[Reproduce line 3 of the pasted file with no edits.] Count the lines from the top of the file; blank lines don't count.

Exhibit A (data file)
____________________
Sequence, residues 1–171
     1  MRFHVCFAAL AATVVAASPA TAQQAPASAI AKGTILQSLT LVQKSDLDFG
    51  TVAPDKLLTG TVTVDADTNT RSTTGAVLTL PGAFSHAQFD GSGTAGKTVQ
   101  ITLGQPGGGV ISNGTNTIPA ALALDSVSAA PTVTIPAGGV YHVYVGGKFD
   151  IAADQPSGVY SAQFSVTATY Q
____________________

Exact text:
    51  TVAPDKLLTG TVTVDADTNT RSTTGAVLTL PGAFSHAQFD GSGTAGKTVQ